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William Brian REDDAWAY

economist

William Brian REDDAWAY, economist in the field of Economic Growth and Development; Planning; Fluctuations; Domestic Monetary and Fiscal Theory and Institutions; International Economics. Adam Smith Prize, University of Cambridge, Cambridge, United Kingdom, 1934-1935; Fellow, British Academy, 1967; Member, United Kingdom National Board

Prices and Incomes, 1967-1971; Commander of the British Empire, 1971.

Background

REDDAWAY, William Brian was born in 1913 in Cambridge, England.

Education

Bachelor of Arts (Mathematics & Economics), Master of Arts University of Cambridge, Cambridge, United Kingdom, 1934, 1938.

Career

Assistant, Bank England, 1934-1935. Research Fellow, University Melbourne, 1936-1937. Fellow, Clare College Cambridge, since 1938.

State, United Kingdom Board Trade, 1940-1947. Economics Director, Organisation of European Economic Co-operation, Paris, 1951-1952;Lector Economics, Director, Department Applied Economics, Professor Political Economics, University of Cambridge, Cambridge, United Kingdom, 1939-1955, 1955-1970,

80. Visiting Economics, Massachusetts Institute of Technology, Cambridge, Mass., USA Centre International Studies, Delhi, 1959-1960.

Visiting Lector, World Bank, Washington, 1960-1965. Economics, Harvard Development Advisory Service, Ghana, 1967. Economics Adviser part-time, Conference British Industry, 1971-1983.

Economics, Bangladesh Institute, Institution Development Studies, 1974-1975. Consultant, Prices Justification Tribunal, Australia, 1974. Retired Consultant.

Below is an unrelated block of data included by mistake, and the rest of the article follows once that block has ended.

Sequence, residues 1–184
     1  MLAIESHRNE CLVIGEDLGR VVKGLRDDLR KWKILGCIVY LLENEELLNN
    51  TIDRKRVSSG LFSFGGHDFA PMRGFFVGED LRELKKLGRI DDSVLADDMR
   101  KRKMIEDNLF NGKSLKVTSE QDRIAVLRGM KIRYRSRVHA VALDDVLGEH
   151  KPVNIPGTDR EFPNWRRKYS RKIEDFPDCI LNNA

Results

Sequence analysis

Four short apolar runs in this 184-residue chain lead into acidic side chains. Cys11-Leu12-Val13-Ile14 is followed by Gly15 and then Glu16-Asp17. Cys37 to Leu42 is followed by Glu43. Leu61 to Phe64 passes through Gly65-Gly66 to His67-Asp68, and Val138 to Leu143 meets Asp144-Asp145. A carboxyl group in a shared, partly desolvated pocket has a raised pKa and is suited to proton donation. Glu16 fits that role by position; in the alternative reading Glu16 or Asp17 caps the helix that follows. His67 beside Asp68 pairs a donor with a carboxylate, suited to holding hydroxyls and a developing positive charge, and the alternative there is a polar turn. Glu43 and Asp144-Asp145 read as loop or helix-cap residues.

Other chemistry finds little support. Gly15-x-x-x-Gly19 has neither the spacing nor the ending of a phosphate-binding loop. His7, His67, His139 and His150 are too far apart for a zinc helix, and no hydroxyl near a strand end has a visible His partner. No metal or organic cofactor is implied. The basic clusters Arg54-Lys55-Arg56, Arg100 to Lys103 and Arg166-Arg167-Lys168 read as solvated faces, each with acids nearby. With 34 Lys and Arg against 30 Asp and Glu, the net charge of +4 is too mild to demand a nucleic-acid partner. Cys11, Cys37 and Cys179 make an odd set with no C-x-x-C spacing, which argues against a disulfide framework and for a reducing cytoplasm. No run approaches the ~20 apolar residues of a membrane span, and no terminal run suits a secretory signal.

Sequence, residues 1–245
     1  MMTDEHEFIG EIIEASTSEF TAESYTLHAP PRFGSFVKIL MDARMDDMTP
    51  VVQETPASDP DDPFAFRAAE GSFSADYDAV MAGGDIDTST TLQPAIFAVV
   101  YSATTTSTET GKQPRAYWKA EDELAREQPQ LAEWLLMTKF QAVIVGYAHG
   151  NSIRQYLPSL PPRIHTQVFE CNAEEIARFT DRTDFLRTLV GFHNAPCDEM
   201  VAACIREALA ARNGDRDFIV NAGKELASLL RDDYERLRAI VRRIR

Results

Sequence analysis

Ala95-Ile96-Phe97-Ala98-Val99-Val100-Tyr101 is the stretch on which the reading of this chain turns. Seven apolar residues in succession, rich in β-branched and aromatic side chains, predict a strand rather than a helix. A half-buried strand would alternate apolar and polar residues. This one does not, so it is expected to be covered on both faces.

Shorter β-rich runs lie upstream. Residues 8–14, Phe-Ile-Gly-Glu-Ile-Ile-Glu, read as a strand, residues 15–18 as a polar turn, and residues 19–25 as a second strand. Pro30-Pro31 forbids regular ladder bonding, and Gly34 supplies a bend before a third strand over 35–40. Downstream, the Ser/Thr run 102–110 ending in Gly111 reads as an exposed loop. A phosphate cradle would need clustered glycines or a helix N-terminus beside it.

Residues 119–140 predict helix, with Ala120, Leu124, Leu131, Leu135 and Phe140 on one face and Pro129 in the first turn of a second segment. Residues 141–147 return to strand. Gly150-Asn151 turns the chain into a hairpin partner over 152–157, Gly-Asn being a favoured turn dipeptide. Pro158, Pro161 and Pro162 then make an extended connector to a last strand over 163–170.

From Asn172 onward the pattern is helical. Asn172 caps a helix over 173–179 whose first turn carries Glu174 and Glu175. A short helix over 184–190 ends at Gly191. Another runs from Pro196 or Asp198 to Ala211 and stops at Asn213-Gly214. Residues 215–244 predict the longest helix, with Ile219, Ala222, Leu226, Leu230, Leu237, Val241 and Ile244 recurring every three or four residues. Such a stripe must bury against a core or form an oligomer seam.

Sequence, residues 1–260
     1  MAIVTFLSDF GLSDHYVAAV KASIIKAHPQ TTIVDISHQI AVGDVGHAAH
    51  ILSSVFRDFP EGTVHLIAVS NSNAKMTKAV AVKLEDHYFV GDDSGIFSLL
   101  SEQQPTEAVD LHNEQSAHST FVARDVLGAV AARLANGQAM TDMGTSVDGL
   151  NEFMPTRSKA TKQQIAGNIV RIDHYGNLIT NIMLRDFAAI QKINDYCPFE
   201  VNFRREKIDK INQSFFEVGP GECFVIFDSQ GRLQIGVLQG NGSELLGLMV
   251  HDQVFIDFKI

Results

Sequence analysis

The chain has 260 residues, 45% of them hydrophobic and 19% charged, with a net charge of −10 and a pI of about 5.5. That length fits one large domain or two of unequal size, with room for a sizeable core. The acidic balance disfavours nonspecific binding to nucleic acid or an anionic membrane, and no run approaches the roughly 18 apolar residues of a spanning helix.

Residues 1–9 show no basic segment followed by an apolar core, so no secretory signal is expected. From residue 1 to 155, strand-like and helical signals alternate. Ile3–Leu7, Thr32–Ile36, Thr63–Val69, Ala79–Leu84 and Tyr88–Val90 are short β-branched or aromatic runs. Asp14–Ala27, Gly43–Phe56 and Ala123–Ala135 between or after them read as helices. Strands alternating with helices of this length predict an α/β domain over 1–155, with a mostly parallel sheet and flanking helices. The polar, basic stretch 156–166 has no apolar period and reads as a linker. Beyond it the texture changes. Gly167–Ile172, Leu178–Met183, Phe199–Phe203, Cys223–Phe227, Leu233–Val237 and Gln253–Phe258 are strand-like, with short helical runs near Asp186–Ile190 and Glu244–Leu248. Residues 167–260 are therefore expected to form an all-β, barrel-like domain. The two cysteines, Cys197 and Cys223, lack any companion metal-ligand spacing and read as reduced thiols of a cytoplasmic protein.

Editor London and Cambridge Economics Service, 1947-1974, Economic Journal,

6.

Achievements

  • Adam Smith Prize, University of Cambridge, Cambridge, United Kingdom, 1934-1935. Fellow, British Academy, 1967. Member, United Kingdom National Board

    Prices and Incomes, 1967-1971.

    Commander of the British Empire, 1971.

Works

Views

I have attempted to tackle practical problems, whether on full employment, growth, underdeveloped economics, inflation, the effects of direct investment over

seas, the selective employment tax, or the investment of portfolios. To do so, I have sought to combine theory with realistic data and to look for the factors which are quantitatively important, rather than those which are intellectually stimulating. I have tried to be pragmatic in my choice of methods for tackling problems and to be clear about the alternative position with which comparisons are effectively being made (and to be sure that it is a meaningful and consistent one).

Favourite slogan for pupils and research colleagues: Tt is better to be roughly right than to be precisely wrong (or irrelevant).1.

Interests

  • Other Interests

    Tennis, walking, skating, squash.

Connections

father:
William Fiddian Reddaway

mother:
Kate Waterland (n£e Sills) Reddaway

spouse:
Barbara A. Bennett